Results of this study, unexpectedly, indicated that the prevalence of overweight and obesity in the sample was greater than the statewide prevalence for Florida high school students (40% compared with 26.4%, respectively) (17
). However, our study included a majority (87%) of students from ethnic/racial minority groups. Strauss and Pollock (18
) documented that during 1986-1998, overweight increased fastest among Southerners and minorities, specifically African American and Latino populations. Our data support this trend and suggest that students who are minorities, economically disadvantaged, and reside in a Southern state face health disparities.
Overall, approximately 28% of ninth-grade students met the 2005 VPA guidelines, and approximately 23% met the MPA guidelines. These numbers fall short of the Healthy People 2010
goal of 85% of high school-age students engaging in 5 or more days per week of MPA or VPA for 30 minutes per session (7
). Although the sixth-grade students in this sample did not meet recommendations for high school-age students, they reported higher levels of physical activity than ninth-grade students did. Consistent with previous research (19
), results demonstrated that physical activity levels decline among youth over time. Girls consistently reported lower levels of physical activity than did boys, and minority girls reported the largest reduction in physical activity between grades 6 and 9. This downward trend of physical activity over time in girls is a health concern that warrants further investigation. Physical activity is important for developing bone density and for prevention of osteoporosis (1
), and reducing anxiety and depression (2
), which are more common among women than men. Consequently, girls should be taught healthy behaviors that protect them against the development of disease.
Future studies should explore factors that prevent youth from participating in physical activity. Not having time to engage in physical activity was reported as the greatest barrier to exercise and may indicate the limited opportunities to engage in physical activity during school hours. All sixth-grade students in this sample attended PE daily throughout the school year; however, the ninth-grade students were required to take only 1 semester of PE and 1 semester of health, which reduced their opportunity for physical activity during the school day. In addition, given the sociodemographic characteristics of this sample, we hypothesize that a lack of time to engage in physical activity may be associated with competing responsibilities such as after-school employment, care of younger siblings, or assistance with other domestic duties. Furthermore, a relatively large portion of sixth- (14.0%) and ninth-grade (16.5%) students reported that they did not like physical activity. Options such as dance, yoga, or virtual exercise video games should be explored to motivate these students and enhance their enjoyment of physical activity.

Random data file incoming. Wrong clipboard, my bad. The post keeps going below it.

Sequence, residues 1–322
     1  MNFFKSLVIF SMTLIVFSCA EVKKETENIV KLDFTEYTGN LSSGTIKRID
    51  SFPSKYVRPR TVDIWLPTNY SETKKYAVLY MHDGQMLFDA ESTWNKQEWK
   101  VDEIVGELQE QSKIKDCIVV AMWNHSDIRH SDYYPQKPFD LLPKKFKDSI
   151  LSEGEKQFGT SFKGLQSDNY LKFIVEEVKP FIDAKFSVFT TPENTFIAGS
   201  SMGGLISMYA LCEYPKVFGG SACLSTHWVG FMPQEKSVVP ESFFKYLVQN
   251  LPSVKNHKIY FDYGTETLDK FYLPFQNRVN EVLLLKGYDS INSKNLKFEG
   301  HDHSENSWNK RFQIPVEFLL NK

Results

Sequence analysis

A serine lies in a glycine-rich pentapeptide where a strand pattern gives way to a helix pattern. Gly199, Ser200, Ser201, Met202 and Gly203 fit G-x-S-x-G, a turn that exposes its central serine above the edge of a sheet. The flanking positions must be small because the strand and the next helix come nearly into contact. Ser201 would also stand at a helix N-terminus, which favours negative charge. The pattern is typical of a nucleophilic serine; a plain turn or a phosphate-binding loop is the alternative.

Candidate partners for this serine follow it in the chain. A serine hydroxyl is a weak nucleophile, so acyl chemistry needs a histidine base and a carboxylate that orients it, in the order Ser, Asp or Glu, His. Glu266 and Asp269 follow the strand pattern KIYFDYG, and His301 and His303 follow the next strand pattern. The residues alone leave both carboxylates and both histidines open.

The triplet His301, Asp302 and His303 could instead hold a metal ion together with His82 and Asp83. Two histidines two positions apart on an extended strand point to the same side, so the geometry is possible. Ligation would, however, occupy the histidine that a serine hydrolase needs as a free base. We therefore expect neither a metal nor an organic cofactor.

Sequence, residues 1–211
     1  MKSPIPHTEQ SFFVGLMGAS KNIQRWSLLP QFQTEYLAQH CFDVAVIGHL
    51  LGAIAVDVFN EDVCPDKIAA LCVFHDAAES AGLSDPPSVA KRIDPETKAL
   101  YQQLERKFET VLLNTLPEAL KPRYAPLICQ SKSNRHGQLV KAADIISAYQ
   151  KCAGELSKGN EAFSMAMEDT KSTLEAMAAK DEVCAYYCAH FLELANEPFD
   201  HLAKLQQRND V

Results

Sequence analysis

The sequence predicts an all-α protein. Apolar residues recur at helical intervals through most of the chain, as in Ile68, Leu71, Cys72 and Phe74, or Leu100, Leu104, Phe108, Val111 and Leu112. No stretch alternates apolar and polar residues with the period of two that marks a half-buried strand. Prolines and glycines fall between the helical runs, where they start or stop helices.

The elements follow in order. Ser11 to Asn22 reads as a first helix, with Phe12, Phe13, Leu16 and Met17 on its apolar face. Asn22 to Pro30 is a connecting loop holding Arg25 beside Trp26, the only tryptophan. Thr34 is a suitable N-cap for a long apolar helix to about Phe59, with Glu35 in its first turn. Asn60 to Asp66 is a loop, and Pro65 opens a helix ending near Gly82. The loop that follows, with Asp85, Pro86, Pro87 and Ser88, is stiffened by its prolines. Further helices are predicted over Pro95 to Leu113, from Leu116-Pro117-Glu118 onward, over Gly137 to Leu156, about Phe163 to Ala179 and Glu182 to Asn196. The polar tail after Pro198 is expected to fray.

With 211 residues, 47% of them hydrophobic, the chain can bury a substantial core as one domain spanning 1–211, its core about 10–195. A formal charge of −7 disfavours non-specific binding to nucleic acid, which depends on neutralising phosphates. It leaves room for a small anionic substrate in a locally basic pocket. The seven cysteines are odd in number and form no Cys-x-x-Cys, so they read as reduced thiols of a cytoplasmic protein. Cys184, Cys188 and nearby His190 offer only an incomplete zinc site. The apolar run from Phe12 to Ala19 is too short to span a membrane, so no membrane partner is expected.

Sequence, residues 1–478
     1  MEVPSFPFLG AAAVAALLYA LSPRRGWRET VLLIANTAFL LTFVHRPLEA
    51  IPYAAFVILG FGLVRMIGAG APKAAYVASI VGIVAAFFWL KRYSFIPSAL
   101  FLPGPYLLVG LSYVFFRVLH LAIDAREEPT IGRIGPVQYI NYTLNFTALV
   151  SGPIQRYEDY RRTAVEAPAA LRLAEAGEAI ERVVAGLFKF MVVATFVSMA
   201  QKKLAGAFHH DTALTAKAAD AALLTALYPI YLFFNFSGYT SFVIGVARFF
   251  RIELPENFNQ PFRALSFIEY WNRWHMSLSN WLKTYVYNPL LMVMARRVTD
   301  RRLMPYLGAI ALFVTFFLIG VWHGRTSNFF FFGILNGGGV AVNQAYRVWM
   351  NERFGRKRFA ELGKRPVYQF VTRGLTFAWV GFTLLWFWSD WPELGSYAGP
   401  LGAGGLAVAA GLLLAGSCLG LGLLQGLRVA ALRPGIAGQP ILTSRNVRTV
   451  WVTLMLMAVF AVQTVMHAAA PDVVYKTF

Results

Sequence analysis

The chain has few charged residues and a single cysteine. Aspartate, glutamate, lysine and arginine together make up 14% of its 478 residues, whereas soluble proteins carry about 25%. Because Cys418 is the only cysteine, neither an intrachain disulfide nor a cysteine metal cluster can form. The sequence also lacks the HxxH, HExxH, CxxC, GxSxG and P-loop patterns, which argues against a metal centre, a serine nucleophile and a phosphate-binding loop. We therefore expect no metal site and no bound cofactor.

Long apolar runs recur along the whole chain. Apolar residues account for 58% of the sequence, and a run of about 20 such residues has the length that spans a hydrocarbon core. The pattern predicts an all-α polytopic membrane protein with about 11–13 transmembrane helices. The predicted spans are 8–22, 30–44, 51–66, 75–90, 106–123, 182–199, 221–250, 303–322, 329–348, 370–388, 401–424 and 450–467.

This study has implications for local education agencies and can be conceptualized within the public health model of primary, secondary, and tertiary prevention. In this approach, intervention and prevention are not mutually exclusive; instead, different approaches are used at each level to achieve specific outcomes (20